You don't need to understand everything your child is learning at school to get them more involved in their studies. What matters most is that you're there to give them support whenever they need it. Students who are more active in school are often happier and more fulfilled. Here are some tips on what you can do to help your child stay focused, engaged, and happy in school.
Have a Positive, Upbeat Attitude
An overlooked aspect of children's education is their mental health. Studies show that constant criticisms take a toll on a child's self-esteem and productivity.
You are your child's first source of validation; as such, you need to be their biggest fan. Praise them when they deserve it. Support their strengths. Show genuine interest in their education. Such deeds might seem trivial, but they can transform your child's attitude towards school in ways you never imagined. Thank us later.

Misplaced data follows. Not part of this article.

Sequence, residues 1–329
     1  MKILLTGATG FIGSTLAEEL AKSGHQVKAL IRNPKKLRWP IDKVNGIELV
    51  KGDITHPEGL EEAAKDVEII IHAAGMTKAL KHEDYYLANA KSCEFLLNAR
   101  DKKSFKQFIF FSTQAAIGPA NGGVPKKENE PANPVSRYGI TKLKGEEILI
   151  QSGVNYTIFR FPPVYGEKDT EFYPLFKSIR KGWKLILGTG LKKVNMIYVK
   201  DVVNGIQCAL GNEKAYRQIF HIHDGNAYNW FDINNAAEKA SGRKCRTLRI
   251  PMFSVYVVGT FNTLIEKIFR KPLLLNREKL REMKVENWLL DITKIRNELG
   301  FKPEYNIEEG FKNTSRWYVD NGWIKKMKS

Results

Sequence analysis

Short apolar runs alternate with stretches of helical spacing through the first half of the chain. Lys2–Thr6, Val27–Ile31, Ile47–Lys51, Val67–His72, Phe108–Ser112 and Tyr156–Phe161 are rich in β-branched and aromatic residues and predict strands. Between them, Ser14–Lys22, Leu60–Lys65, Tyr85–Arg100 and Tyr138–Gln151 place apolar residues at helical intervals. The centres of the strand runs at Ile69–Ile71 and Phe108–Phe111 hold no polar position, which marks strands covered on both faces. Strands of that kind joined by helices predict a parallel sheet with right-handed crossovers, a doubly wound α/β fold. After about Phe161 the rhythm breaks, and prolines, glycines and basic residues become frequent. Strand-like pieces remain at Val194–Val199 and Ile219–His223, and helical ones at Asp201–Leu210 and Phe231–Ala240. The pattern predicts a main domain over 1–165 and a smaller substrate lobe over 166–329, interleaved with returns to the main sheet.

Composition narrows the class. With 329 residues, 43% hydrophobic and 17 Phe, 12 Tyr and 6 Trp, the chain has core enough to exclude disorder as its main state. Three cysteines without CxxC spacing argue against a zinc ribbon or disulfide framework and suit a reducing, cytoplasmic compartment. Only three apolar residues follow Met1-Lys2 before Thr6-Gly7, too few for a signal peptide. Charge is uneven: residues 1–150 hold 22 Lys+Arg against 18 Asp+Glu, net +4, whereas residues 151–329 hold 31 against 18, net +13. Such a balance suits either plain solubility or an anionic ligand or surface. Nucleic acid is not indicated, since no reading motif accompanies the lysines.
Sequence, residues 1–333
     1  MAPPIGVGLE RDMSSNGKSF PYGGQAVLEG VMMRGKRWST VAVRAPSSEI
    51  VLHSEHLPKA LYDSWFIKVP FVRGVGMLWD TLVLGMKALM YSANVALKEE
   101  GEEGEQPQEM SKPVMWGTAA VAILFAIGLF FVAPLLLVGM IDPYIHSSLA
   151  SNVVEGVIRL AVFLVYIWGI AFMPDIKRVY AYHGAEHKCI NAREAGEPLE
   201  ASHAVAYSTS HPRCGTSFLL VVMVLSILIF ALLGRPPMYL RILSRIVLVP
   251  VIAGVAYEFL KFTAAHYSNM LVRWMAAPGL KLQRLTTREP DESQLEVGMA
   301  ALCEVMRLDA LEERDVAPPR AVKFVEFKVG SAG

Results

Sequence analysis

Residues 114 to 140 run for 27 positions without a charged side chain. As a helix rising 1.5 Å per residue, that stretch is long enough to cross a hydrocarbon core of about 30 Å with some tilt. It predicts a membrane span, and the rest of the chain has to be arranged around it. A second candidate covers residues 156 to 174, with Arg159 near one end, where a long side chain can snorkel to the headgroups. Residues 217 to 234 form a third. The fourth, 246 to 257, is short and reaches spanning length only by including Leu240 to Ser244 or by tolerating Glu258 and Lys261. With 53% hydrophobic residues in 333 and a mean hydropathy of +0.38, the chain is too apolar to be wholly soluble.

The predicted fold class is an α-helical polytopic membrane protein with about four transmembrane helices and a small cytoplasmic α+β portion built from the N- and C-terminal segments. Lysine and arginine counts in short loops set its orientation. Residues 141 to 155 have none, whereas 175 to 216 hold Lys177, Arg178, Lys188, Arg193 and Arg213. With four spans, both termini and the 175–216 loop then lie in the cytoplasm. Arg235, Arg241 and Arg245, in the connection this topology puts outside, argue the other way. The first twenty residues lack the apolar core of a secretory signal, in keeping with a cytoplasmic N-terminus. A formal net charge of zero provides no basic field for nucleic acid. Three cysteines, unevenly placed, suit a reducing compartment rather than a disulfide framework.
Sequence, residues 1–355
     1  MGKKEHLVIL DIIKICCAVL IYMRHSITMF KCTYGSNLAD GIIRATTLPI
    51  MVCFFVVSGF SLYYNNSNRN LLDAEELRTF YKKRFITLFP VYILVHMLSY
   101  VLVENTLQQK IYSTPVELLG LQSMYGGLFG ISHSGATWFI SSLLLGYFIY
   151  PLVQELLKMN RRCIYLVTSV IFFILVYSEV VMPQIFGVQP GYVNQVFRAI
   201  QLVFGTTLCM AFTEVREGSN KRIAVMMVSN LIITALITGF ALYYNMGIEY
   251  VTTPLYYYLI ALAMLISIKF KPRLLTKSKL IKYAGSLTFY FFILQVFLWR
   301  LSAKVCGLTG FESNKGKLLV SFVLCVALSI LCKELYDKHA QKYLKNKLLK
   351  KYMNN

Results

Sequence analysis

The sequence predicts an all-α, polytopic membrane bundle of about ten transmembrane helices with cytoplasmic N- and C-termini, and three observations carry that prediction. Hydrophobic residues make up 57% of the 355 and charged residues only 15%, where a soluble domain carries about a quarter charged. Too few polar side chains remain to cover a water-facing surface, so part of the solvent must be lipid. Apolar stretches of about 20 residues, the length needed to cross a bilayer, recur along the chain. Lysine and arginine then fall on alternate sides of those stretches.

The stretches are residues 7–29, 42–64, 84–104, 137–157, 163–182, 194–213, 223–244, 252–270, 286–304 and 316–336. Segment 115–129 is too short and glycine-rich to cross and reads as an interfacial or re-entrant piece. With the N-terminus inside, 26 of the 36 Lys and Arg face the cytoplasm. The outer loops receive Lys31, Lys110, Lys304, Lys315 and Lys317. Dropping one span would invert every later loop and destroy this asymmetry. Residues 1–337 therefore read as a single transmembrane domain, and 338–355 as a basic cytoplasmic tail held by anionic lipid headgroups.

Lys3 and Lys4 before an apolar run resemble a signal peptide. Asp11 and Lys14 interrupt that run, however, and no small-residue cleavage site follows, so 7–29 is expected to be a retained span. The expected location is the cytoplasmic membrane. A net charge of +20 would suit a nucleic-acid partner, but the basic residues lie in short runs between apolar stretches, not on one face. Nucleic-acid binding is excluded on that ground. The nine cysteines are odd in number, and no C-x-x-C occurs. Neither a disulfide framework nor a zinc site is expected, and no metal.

Lay Down the "When You" Rule
One of life's most important lessons is that we get paid only after accomplishing a task. So start saying things like:
"When you finish your homework, we can discuss watching that movie you wanted to see on Netflix."
"When you are done studying, you are welcome to go to your friend's house."
Enforce this rule and stick to it. If your child does not have the necessary discipline, this will help create it.
Indeed, by incorporating the "when you" rule, you are helping your child learn how to do what their brain is not yet equipped to do—which is to be disciplined and delay gratification.
Leave No Room for Excuses
Avoid giving your child a reason for making excuses. Even if you think your child will feel better if you do, never say this sort of thing: "Some people just aren't wired for math." Your child may think they're incapable of handling or succeeding in some tasks, which is the wrong message to send.
Remember, success in a future job will require your child to do the best they can. You will not help your child by encouraging him or her to make excuses whenever it is convenient.